(6) Gangways shall have a minimum, unobstructed width of four feet and shall be provided with guardrails and handrails as required by the building code. Intermediate landings shall not be required for gangways. All gangways serving an occupant load less than 10, and gangways serving recreational boat launching and transient tie up facilities, need not be more than four feet in width.

(7) Walkways shall have a minimum, unobstructed width of six feet, except for finger walkways, which may be three feet in width. Cleats, bull rails, mooring connectors, utility stands and the like may project into the required width of main and marginal walkways.

(8) A two-foot-wide walk shall be provided on all sides of a floating home.

Exhibit A

(Ord. 3011 Exh. 1 § 6, 2006)

15.16.070 Moorage exits.

(1) General. When two exit gangways are required. They shall be separated by the maximum distance possible so as to avoid the possibility of fire cutting off exit or access to both exit gangways. Two gangway exits are required whenever any one of the following conditions apply:

(a) The marginal walkway exceeds 250 feet.

(b) Total distance from the nearest point of apparatus setup (usually at the head of a gangway) to the most remote portion of the moorage exceeds 800 feet.

(2) Exception. Moorages used for the moorage of pleasure boats without covers (open moorage configuration) and having not more than two floating homes (for owner and caretaker, for example) need have only one gangway exit. (Ord. 3011 Exh. 1 § 7, 2006)

15.16.080 Moorage identification.

All moorages shall have identification as follows:

(1) All moorages shall be identifiable by name and address from the street or road on which they front, at or near the point of emergency vehicle access.

(2) The head of the gangway providing access to the moorage shall be obviously identifiable from the point of emergency vehicle access.

(3) The location and identification of all floating structures shall be obvious from the head of the gangway, or a sign shall be posted clearly identifying the walkways and structures.

(4) The walkway and structure identification shall be logical and obvious.

(5) Moorage identification plans shall be approved by the fire district. (Ord. 3011 Exh. 1 § 8, 2006)

15.16.090 Fire protection standpipe.

(1) The fire protection standpipe system described in this section shall be required at all moorages.

(2) Exception. Installations for moorages used exclusively for loading boats or vessels shall not be required to meet the requirements of this section.

(3) Moorages having any portion of a floating structure more than 250 feet from the point of fire apparatus set up shall have a dry standpipe system designed and installed in accordance with the fire code, building code, and the following:

(a) Have a water supply that complies with any one of the following:

(i) Municipal water providing 1,000 GPM at 20 psi operating pressure.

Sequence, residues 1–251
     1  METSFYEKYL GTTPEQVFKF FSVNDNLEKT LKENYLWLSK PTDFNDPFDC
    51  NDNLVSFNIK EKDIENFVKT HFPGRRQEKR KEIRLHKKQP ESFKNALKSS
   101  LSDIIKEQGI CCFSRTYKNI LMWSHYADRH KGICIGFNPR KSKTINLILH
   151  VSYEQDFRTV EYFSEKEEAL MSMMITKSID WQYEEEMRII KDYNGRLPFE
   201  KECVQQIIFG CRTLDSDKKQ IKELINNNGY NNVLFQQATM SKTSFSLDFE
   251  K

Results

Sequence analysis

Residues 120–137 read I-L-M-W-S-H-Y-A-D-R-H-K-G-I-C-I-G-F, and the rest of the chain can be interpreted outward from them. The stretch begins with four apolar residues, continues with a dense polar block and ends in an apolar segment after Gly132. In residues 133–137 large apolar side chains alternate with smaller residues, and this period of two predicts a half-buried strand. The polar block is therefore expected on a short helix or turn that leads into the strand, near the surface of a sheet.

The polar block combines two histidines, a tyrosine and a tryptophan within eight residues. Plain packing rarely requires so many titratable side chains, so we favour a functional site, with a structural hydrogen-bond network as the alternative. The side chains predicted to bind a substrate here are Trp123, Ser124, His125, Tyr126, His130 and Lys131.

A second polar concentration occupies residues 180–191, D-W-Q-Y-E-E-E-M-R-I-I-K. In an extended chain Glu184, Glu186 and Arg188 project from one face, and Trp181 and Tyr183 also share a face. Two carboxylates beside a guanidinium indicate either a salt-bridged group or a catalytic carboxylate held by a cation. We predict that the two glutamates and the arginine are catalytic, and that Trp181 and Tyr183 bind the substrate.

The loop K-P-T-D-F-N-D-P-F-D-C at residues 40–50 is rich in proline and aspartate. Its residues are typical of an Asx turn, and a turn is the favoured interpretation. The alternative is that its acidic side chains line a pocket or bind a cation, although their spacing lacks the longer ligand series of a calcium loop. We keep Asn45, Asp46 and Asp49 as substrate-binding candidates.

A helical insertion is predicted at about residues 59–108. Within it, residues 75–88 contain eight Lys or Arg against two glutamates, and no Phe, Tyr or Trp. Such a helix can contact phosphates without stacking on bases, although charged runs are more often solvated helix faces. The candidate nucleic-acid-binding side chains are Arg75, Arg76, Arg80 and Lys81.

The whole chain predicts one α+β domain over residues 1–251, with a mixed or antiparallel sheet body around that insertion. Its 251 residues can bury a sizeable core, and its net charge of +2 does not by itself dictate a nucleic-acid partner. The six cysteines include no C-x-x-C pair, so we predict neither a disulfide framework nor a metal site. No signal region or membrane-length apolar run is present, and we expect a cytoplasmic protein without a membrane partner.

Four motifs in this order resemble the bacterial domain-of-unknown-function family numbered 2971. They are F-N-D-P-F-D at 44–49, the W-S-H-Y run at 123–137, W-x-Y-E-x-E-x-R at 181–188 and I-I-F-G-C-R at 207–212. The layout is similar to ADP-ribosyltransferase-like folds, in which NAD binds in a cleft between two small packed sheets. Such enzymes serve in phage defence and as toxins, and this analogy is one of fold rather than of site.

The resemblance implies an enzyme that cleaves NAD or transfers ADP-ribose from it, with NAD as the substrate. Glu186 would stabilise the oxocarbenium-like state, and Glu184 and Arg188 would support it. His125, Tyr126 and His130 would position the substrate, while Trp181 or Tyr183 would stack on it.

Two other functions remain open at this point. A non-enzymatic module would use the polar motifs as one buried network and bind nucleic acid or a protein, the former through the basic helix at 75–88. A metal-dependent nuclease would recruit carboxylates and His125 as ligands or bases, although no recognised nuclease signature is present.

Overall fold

(ii) A fire hydrant within 600 feet from the closest point of fire department access to a moorage site exit ramp.

(iii) The Columbia River or associated bodies of water with pump or pumps capable of providing 250 GPM at 100 psi to any single outlet on the standpipe system. Pumps are to be powered with natural gas or propane and be listed by Underwriters Laboratory.

(iv) A permanent dry hydrant system within 500 feet from the closest point of fire district access to a moorage site exit ramp sized to supply 1,000 GPM at draft. Site location approved by the fire district.

(4) Have a fire district connection located within 150 feet of fire apparatus set up and access maintained at all times as described in 4.12 of this interpretation.

(5) Have pipe sized to provide 250 gallons per minute at 100 psi pressure to any single outlet with a maximum input pressure of 150 psi.

(6) Have adequate drain valves installed to ensure complete drainage.

(7) Have gate valve outlets made of noncorroding metal, two-and-one-half-inch I.D. with National Standard Threads spaced a distance apart at follows:

(a) For moorages having marine service stations, floating homes or other type of structures having permanent living quarters, valves are to be every 100 feet and within 50 feet of the end of walkways.

(b) For moorages serving only boathouses, valves are to be every 150 feet and within 75 feet of the end of the walkways.

(c) For moorages having only open moorage of pleasure boats, standpipes shall only be required along the marginal walkway with valves required only at intersecting main walkways, or not less than every 200 feet and 100 feet from the end of marginal walkways not having intersecting main walkways.

(8) All fire protection standpipe systems shall be installed with the approval of the fire district as required by this code.

(9) Standpipe systems shall be tested in accordance with fire-district-approved procedures. An annual service test will be conducted by an approved testing agency to assure the continuity of the system. The fire district shall be notified at least 24 hours in advance of all tests. A record of the results of the test shall be supplied to the fire district. (Ord. 3011 Exh. 1 § 9, 2006)

15.16.100 Portable fire protection equipment.

(1) One fire extinguisher, 2A, 20-B:C rating minimum, shall be provided at each hose station required.

(2) The fire marshal shall designate the type and number of all other fire appliances to be installed and maintained in each marina. (Ord. 3011 Exh. 1 § 10, 2006)

15.16.110 Fire apparatus access road.

Access to moorages shall be by fire apparatus access roads having all-weather driving surfaces capable of supporting a 75,000-pound load. Such roads shall be a minimum 20 feet wide with not less than 13 feet, six inches overhead clearance. They shall be provided from the nearest public right-of-way to the head of the gangway. Fire apparatus turnarounds shall be required on any fire access road having a dead end exceeding 150 feet. (Ord. 3011 Exh. 1 § 11, 2006)

15.16.120 Additional fire code requirements.